To Treat, or not to Treat

There is a thing about first aid that some people get straight away, others catch on eventually, and still more never really understand:

You can’t treat everyone.

It is a fact that some people who don’t need treatment will demand it, and others that really need treatment won’t accept it.

The former are very easy to spot, and easy to deal with.  You just have to follow someone like Brian Kellett (né Tom Reynolds) on Twitter (@Reynolds) or read one of his books (which I highly recommend) to get a feel for the number of patients who turn up to A&E or call an ambulance for things that really don’t need emergency care.  I’ve had plenty of this sort of patient, but let’s be honest, these are the people who should be coming to someone like me. I can patch them up and send them on their merry way without consuming the time of a professional who has better things to be dealing with.

The latter group is more difficult.  These are the people who would really benefit from help, but don’t want to be a bother, or don’t want to waste your time.  Their heart is in the right place, but they don’t realise that they are themselves in the group they think we should be spending our time on.  I thankfully don’t see many of these, and the few times I have we’ve managed to reach an agreement that perhaps, may be, it would be worthwhile getting a nice paramedic come out and for them to have a chat.

Finally, there is a third class of person.  I’ve deliberately not called them patients, because most of the time, they’re not.  Often, these are the people who are most likely drunk who stagger past you at a stupid-o’clock in the evening while you’re waiting for a bus.  They are the people determinedly limping past your first aid post on the half marathon.  The might benefit from treatment, but they don’t really need it.

It is tempting to walk over, offer treatment, persuade them to stop.  It’s easy to go charging over, first aid kit in hand, and cure their ills.  Except they won’t appreciate it, and they’ll argue, and to be honest, they’re not interested.  Just because you can fix something, doesn’t mean you have to.  Just because you can act doesn’t mean you should.

You have to be realistic.  That drunk person you want to approach in the street.  Say they actually accept your help and don’t wallop you one for your trouble.  What you are you going to do?  They are conscious, mobile and still with it enough to make their way from A to B.  If you call an ambulance, they’ll take them in (assuming the patient is still around when the ambulance arrives), and they’ll sleep it off in A&E.  What would they do if you weren’t around?  They’d go home, and sleep it off in their own bed.  Yes, in A&E, they will be monitored by the staff and cared for.  But do they need it?  Perhaps it isn’t our call to make, but again, what would happen if you weren’t around?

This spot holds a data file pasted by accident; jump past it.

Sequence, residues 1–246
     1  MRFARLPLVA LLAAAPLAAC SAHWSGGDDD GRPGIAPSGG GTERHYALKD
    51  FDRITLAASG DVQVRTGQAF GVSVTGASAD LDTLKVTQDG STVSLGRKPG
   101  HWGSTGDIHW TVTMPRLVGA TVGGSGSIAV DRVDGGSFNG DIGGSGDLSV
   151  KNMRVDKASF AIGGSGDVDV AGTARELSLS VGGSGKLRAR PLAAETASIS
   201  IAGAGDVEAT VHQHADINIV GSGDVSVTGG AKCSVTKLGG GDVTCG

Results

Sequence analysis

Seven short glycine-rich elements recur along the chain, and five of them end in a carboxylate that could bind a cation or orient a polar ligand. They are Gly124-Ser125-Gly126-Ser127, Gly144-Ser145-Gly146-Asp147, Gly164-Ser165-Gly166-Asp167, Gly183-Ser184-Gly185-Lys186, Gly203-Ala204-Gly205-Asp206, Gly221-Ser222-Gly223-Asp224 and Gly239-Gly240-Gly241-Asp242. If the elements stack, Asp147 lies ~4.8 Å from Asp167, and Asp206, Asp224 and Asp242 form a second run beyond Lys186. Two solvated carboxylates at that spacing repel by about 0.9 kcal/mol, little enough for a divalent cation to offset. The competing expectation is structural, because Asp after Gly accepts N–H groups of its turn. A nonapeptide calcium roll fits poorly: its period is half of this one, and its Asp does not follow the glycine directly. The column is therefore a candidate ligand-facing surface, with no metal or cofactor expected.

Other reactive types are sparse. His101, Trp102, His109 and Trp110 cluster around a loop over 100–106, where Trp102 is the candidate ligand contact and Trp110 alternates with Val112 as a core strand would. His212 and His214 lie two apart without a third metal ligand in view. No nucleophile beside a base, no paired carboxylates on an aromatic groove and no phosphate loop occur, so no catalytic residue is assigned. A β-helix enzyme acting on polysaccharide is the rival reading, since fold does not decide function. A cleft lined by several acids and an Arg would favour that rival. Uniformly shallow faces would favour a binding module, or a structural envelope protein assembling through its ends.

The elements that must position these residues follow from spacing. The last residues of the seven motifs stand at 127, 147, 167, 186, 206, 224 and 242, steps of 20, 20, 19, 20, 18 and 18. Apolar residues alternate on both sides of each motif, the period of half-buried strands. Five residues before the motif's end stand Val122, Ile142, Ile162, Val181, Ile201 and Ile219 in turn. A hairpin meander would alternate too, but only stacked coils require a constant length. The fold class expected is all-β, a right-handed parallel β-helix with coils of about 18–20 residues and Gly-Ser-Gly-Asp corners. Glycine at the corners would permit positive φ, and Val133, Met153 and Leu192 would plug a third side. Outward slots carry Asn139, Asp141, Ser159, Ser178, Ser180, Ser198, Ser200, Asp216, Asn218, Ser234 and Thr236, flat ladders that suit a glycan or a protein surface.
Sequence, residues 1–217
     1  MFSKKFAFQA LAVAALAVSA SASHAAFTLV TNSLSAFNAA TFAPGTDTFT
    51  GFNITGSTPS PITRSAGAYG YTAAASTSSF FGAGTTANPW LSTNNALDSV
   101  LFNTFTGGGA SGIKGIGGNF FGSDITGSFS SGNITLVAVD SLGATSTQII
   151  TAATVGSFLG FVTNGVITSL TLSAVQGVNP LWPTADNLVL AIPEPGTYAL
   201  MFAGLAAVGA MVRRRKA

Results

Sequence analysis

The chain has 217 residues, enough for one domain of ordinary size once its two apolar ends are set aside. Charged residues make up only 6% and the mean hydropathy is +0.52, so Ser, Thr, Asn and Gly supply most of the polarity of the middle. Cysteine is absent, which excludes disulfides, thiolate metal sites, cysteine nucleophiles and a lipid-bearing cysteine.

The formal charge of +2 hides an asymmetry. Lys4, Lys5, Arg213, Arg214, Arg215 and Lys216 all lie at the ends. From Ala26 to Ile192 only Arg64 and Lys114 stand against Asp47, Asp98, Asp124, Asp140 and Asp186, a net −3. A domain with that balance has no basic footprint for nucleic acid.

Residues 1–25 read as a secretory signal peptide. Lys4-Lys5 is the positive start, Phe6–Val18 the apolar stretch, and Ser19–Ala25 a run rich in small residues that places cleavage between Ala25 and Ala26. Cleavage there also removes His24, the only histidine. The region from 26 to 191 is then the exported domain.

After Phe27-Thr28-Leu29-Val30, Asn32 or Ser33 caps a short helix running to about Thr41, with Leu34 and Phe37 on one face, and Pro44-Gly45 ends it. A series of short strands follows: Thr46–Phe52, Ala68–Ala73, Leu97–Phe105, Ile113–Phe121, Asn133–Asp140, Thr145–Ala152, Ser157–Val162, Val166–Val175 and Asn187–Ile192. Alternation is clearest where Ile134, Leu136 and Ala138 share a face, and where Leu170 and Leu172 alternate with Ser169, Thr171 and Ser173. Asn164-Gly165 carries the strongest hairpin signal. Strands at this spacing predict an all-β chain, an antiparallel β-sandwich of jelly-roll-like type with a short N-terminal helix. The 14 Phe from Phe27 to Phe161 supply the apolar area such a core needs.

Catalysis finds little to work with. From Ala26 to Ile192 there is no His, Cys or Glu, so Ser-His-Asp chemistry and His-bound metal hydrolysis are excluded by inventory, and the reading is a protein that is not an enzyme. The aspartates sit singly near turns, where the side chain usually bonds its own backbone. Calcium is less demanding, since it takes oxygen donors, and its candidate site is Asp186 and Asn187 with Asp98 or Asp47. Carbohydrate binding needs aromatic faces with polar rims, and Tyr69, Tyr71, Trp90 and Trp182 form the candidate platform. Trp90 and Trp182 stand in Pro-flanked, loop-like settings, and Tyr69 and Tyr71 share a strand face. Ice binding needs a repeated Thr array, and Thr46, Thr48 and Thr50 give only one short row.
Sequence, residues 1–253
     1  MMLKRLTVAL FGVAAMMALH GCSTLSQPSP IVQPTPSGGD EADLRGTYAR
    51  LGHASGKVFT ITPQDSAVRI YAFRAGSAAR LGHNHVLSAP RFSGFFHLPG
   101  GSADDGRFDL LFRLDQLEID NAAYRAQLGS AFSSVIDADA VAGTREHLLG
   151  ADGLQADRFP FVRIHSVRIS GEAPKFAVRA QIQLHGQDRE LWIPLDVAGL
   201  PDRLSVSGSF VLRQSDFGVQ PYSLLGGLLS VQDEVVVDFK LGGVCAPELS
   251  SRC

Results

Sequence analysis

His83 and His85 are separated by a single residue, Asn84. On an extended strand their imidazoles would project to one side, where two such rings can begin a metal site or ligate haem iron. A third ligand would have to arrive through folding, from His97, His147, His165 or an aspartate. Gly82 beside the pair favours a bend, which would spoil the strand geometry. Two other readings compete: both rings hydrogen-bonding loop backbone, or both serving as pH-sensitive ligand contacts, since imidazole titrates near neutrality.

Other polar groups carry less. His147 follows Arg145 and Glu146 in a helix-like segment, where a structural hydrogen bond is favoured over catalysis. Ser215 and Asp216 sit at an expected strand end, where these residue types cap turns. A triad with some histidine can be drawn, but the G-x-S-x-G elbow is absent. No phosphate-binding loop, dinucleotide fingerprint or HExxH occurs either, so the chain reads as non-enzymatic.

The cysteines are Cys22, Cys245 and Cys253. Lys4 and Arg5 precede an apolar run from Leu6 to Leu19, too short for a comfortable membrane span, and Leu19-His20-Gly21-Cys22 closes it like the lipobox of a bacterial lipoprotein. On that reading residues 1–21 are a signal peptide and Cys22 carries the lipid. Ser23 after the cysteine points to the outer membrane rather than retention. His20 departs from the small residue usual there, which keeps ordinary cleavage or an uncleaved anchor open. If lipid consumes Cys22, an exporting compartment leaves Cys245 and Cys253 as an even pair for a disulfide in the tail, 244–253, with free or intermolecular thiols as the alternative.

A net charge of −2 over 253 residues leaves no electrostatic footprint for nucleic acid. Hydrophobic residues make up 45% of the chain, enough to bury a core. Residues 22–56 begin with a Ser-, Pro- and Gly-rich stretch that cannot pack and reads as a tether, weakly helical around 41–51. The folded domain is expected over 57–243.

The same goes for when I’m on duty. You see someone heading towards your post.  You think about going to intercept them.  Except, what if they’re headed past your post?  And even if they are headed your way, what does this gain you? They still need to come to your post if you plan to treat them properly, so you’ve just had to walk too and fro to meet your patient a few seconds earlier, and gained what?

I was the same.  To be honest, I have to watch myself to make sure I don’t revert.  It is very tempting to think that you can go in and solve any problem.  I enjoy looking after people. I think everyone in the Organisation does.  But I think, slowly, I’ve learned when to get involved, and when to just stand back, watch, and wait until I’m needed.

I’m not advocating walking on by every time.  Sometimes you do need to stop and asses.  But you must be reasonable.  Assess the situation from a distance, first. Will you getting involved achieve anything? Are you putting yourself at risk? What are you about to go charging in to?

Sometimes it’s experience.  Sometimes its a judgement call.  It’s not easy, but it is important.  Running in to the rescue may be exciting, but when you get it wrong you just look like an idiot.  And that is not fun…

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About The WalkingPlasterDispenser

So who is the Walking Plaster Dispenser? Well, I'm a volunteer First Aider, working with a well-known First Aid charity to help out random people I've never met before (or, more usually, when) they hurt themselves. This typically involves walking briskly (never run...) around after people who are silly enough to do sports or some other suitably daft activity in their free time. In my spare time, I am a graduate engineer, working my way through a graduate scheme with a big engineering company.

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